A quick guide to Japan’s music market

Japan is one of the world’s most important, and most misunderstood, markets for recorded music in the world.

According to IFPI stats, Japan is the world’s second biggest territory for records, generating around three-quarters of the US market. In 2013, Japan’s recorded music industry turned over $3.2 billion – down by a scary 15% year-on-year.

As well as providing an in-depth Yearbook covering the Japan maket in 2013 – which you can read on MBW through here – the RIAJ, the local Japanese recorded music trade body, has provided a series of answers to key questions about the market:

What kind of distribution system exists for records in Japan?

There are two major channels for supplying products in the general market. The first involves record companies with their own sales divisions directly contracting with record stores. The second involves sales and distribution via wholesalers. The record companies store their records at one of two warehousing firms and deliver the records from there.

What is the condition and impact of record rentals in Japan?
There are now almost no shops that illegally rent records. The shops pay a use fee [to righsholders] in accordance with their contracts and the system is working smoothly.

What are the major purchasing groups for musical records?

Overall, men and women in their teens and twenties purchase the greatest number of records and Japanese pop and rock music is particularly popular among them. However, recently the purchasing rate among people aged 30-59 has been rising.

How much do records cost in Japan?

A full priced new CD album costs between JPyen2,500 (US$23) and 3,000 (US$28). The unique Japanese resale price maintenance system (price designation by record companies) remains and there has been no dramatic drop in prices.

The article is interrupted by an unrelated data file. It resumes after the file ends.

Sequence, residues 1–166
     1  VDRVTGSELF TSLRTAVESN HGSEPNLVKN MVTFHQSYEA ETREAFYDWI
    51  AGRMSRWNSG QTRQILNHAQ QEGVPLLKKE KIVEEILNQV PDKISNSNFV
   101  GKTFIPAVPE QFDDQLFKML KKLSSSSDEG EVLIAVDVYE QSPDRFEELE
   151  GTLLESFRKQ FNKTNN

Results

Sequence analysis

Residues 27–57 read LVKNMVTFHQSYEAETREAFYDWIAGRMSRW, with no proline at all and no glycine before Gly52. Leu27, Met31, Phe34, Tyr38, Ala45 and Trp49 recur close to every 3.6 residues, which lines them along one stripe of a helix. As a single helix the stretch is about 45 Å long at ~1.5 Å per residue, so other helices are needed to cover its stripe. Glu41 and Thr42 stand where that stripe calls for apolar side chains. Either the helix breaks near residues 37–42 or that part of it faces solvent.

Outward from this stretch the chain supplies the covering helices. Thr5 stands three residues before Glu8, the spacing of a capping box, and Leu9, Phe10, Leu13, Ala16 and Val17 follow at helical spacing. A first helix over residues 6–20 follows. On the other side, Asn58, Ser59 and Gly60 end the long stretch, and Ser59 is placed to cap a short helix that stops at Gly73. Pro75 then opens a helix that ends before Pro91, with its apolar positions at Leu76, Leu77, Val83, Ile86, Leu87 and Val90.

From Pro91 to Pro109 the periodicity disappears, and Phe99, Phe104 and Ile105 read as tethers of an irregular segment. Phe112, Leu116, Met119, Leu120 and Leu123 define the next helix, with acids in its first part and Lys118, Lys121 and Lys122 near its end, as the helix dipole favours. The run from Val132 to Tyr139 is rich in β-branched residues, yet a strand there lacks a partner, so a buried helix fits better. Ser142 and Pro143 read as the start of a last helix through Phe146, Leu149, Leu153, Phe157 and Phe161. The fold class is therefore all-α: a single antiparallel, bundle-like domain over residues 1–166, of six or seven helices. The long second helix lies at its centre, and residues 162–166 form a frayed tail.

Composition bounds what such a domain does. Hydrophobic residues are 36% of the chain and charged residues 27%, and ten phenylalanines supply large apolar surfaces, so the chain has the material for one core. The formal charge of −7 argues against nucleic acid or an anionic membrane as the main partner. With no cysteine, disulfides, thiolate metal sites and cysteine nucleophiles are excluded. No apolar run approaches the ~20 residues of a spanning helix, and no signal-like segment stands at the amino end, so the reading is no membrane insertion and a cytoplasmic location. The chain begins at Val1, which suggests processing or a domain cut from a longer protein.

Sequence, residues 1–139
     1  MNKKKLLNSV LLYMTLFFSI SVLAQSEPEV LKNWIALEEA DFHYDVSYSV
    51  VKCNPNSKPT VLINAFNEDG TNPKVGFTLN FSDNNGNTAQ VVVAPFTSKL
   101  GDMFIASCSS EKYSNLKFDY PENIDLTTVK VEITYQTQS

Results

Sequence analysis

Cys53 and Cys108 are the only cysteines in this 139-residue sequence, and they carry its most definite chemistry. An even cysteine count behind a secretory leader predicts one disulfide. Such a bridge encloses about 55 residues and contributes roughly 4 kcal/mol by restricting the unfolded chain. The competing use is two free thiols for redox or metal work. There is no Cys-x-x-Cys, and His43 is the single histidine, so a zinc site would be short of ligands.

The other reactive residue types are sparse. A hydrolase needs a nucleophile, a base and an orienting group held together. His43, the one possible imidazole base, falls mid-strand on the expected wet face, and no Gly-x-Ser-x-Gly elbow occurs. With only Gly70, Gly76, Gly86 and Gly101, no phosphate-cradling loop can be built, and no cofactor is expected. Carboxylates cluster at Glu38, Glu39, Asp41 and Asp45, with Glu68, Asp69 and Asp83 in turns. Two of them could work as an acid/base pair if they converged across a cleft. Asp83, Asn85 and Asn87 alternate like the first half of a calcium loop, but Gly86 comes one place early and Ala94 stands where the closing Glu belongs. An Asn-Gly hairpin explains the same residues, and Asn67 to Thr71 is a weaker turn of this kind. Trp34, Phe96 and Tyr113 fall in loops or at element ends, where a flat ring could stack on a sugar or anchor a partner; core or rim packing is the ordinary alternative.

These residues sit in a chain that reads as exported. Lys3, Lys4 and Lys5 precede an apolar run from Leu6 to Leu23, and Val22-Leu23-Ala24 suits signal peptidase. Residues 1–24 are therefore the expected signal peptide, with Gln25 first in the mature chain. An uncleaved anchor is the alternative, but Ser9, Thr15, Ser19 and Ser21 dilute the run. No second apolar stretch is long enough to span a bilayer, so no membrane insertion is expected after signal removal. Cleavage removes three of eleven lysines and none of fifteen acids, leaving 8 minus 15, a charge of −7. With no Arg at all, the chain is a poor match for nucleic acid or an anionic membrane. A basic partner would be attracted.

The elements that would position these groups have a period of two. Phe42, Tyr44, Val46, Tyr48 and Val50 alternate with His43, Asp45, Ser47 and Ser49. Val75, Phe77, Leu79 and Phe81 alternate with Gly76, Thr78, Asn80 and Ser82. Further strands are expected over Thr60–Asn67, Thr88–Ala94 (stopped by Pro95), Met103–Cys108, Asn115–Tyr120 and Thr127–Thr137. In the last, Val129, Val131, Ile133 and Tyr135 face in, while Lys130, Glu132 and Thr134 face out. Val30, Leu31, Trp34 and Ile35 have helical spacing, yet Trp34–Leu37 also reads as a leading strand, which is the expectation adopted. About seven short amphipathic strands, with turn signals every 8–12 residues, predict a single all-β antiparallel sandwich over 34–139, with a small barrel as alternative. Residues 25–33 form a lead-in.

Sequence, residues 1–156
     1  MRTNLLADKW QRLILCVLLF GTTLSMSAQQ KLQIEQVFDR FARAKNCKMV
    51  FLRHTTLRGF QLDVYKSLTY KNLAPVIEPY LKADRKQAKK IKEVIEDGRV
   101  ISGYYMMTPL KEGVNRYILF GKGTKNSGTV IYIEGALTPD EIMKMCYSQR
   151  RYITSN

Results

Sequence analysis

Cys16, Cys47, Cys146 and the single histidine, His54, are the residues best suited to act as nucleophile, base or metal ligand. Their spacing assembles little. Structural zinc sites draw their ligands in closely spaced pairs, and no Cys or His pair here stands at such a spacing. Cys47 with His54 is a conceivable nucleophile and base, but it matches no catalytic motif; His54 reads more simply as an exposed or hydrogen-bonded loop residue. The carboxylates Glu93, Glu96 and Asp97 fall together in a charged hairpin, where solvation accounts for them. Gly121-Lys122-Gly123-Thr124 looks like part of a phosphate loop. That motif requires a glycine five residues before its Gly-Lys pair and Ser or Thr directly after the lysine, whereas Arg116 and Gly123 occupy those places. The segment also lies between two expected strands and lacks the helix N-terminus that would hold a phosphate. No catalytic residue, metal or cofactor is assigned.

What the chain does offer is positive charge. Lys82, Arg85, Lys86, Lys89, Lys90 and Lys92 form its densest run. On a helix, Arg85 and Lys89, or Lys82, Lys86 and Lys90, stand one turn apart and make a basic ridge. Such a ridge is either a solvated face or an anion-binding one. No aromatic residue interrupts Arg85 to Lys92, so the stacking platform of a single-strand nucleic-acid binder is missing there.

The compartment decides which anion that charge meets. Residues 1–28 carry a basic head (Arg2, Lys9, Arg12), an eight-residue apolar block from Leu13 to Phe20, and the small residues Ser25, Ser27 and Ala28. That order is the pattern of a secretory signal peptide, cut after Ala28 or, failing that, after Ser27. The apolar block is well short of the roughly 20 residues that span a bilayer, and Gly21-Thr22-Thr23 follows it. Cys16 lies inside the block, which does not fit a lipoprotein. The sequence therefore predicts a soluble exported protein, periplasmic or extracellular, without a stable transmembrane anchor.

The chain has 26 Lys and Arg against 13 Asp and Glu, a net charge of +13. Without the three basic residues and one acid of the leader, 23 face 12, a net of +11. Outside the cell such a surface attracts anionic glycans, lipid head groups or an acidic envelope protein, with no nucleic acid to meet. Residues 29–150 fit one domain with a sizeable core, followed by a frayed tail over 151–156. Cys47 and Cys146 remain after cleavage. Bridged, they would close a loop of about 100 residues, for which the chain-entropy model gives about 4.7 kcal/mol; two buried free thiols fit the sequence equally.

What musical genres are there and how many newly released titles are there?

Among Japanese music, there is enka (Japanese country), pops, traditional Japanese folk music, educational and children’s music based on fairy tales, animation music, easy listening music (instrumental), karaoke and such. As for overseas, rock, disco, jazz, pops, soundtracks, classical and other records are sold at stores.

What types of record awards and certification systems are there?

Japan has the Gold Disc Awards. The ceremony for these awards is held once a year by RIAJ as the organizer and the ceremony is broad casted on satellite and terrestrial TV broadcasting programs. As for certification systems, the industry has the Gold Disc, Platinum Disc and other certifications. These are announced once a month through industry magazines, websites and such.

Is there a system for protecting the right of records?

In Japan, the copyright of records is protected by the system of neighbouring rights. This includes exclusive rights of reproduction, transfer, making transmittable and lending; and the rights to claim secondary use fee (broadcasting fee of records) and the remmuneration for rental record (following a one year rental right), and the right to receive compensation for private audio and video recording.

These rights are equally granted to record producers of the countries that are members of international conventions covering record rights.

[Pictured: South Korean girl band Girls’ Generation, who record tailored Japanese-language albums for the Japan market. Their latest, 2013’s Love & Peace, hit No.1 on the territory’s Oricon weekly chart]Music Business Worldwide

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